Solvang Brewing Co. Hoptions Taproom in Lompoc remains standing after two COVID-related shutdowns last year, while owners now eye a mid-May return to the beer taps, bolstered by profits from an expanding canned product line.
The dual-location brewery — with its headquarters located in downtown Solvang — was forced to make difficult choices after health officials ordered bars and taprooms to close in March 2020, then again in December after a brief reopening in September.
Despite economic blows, the independent, family-owned/operated eatery has survived due to loans and savings, according to co-owner Steve Renfrow, who opted to pivot and diversify the company's business model to ensure longevity.
Solvang Brewing Co. slow-launched a beer canning line at its Lompoc brewery prior to the pandemic but quickly stepped up production as lockdowns lingered.
Owners recognized that cans — versus bottles — are more portable for camping and adventures and visits to the beach given the uptick in road travel and "staycations" since COVID-19. The move has proven to be a promising one.
In addition to producing beer for a number of wholesale accounts, Solvang Brewing Co.'s canned organic craft ales and lagers, hard seltzers, kombucha and hard tea products now can be found on the shelves at Whole Foods, BevMo! and other local markets.
"[The canning line] needed to be done. And it's helped stabilize the business and keep up morale," said Renfrow, detailing significant staffing cuts and finances that remain fragile.
"We've lost 72% of revenue — that's 72% of a business that took 10 years to build," Renfrow explained.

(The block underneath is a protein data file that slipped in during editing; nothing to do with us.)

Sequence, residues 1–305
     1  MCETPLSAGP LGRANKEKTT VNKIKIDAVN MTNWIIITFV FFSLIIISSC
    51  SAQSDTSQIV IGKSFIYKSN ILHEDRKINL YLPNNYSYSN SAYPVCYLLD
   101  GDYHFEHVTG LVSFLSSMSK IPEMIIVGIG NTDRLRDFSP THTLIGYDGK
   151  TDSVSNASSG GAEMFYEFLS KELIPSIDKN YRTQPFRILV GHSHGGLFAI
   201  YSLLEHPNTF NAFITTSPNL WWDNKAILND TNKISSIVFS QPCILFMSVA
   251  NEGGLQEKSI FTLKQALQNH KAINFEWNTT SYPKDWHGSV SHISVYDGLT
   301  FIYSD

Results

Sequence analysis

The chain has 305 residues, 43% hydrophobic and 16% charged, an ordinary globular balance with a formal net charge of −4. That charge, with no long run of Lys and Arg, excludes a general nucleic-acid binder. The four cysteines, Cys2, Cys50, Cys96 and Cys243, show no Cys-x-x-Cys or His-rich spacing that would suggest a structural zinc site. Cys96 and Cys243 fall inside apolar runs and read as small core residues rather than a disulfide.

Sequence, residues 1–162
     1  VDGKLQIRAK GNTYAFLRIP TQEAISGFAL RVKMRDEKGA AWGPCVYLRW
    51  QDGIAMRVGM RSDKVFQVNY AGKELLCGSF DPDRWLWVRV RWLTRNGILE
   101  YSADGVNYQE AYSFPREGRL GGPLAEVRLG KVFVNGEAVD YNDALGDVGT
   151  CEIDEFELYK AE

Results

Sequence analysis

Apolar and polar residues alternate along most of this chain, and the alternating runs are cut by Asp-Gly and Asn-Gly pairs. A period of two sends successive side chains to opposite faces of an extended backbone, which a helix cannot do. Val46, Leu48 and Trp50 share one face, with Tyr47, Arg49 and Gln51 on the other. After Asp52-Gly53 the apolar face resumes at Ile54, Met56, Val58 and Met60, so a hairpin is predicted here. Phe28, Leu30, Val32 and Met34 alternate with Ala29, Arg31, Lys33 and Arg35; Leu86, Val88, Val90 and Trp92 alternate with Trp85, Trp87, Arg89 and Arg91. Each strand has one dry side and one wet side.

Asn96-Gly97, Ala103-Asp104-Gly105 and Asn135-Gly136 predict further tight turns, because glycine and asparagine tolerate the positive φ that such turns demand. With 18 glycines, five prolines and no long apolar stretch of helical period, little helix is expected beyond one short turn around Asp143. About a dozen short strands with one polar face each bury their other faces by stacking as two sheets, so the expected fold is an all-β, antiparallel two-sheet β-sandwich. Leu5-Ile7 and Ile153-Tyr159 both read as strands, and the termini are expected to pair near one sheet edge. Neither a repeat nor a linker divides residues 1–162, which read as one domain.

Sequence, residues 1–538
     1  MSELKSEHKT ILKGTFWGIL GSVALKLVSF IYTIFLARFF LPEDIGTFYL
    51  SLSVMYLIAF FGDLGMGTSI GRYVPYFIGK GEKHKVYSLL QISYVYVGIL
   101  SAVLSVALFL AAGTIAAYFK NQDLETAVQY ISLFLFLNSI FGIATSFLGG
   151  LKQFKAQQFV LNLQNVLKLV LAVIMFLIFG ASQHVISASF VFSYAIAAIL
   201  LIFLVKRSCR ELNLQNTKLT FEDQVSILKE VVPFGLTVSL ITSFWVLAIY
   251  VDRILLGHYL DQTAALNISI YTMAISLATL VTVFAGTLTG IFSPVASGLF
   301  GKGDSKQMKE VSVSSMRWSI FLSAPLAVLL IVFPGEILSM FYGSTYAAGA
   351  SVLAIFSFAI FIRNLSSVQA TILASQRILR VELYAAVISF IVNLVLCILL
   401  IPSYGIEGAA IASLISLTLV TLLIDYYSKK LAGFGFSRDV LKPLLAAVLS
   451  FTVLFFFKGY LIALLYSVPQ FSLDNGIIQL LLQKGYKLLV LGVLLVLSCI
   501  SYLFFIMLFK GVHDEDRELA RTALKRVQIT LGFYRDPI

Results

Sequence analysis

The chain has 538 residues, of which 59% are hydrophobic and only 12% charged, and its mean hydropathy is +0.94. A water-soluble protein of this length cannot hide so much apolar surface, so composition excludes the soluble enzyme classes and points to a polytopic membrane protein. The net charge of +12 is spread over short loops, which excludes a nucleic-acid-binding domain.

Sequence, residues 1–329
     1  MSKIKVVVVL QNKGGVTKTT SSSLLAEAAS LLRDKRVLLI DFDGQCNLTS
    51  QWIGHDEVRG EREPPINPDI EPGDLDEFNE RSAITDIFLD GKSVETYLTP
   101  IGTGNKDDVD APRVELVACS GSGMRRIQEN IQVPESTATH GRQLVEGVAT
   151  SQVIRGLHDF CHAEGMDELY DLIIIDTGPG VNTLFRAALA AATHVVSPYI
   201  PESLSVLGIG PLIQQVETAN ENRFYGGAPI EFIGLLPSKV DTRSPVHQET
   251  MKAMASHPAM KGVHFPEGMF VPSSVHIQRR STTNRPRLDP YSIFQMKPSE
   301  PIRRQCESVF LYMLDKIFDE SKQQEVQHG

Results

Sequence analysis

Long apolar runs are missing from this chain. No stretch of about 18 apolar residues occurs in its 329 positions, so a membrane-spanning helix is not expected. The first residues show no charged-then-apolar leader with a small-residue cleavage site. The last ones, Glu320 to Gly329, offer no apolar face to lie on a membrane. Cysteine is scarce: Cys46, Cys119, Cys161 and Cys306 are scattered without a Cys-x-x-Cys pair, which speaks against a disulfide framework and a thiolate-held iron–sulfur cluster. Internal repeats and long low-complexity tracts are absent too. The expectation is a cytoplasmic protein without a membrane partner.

The company, which currently employs 14 employees with half of those full-time staff — a stark comparison to the 89 employed pre-COVID — has struggled to reopen its Lompoc Hoptions location given short staffing and daily operational costs.
According to Renfrow, something as trivial as keeping its outdoor patio warm enough for diners, coupled with sharply reduced occupancy rates due to health regulations, is too costly.
"By the time you spend enough on propane to heat up the patio, you've already eaten up your profits for the day," he said, noting that while operational costs haven't changed, the reliability of revenue has. "For Lompoc, it costs $800 to $1,000 per week for propane."
Given that Solvang is more of a tourist destination, Renfrow said the decision to pare down operations and focus on the company's Santa Ynez Valley-based location was based on numbers, a strategy that has allowed them to scrape by and cover monthly expenses for both locations that include equipment leases, gas, electricity and staff wages.
"It's been really frustrating for us," he said. "We almost lost everything."
When May approaches, Renfrow plans to reopen and sweeten the deal for potential Mug Club members while taking care of current members who have remained loyal.
"I've put a lot of love and hard work in [Hoptions]," Renfrow said. "To see it just sitting there is heartbreaking and very emotional for me when I drive by. But I want to make sure to give us the best chance at success."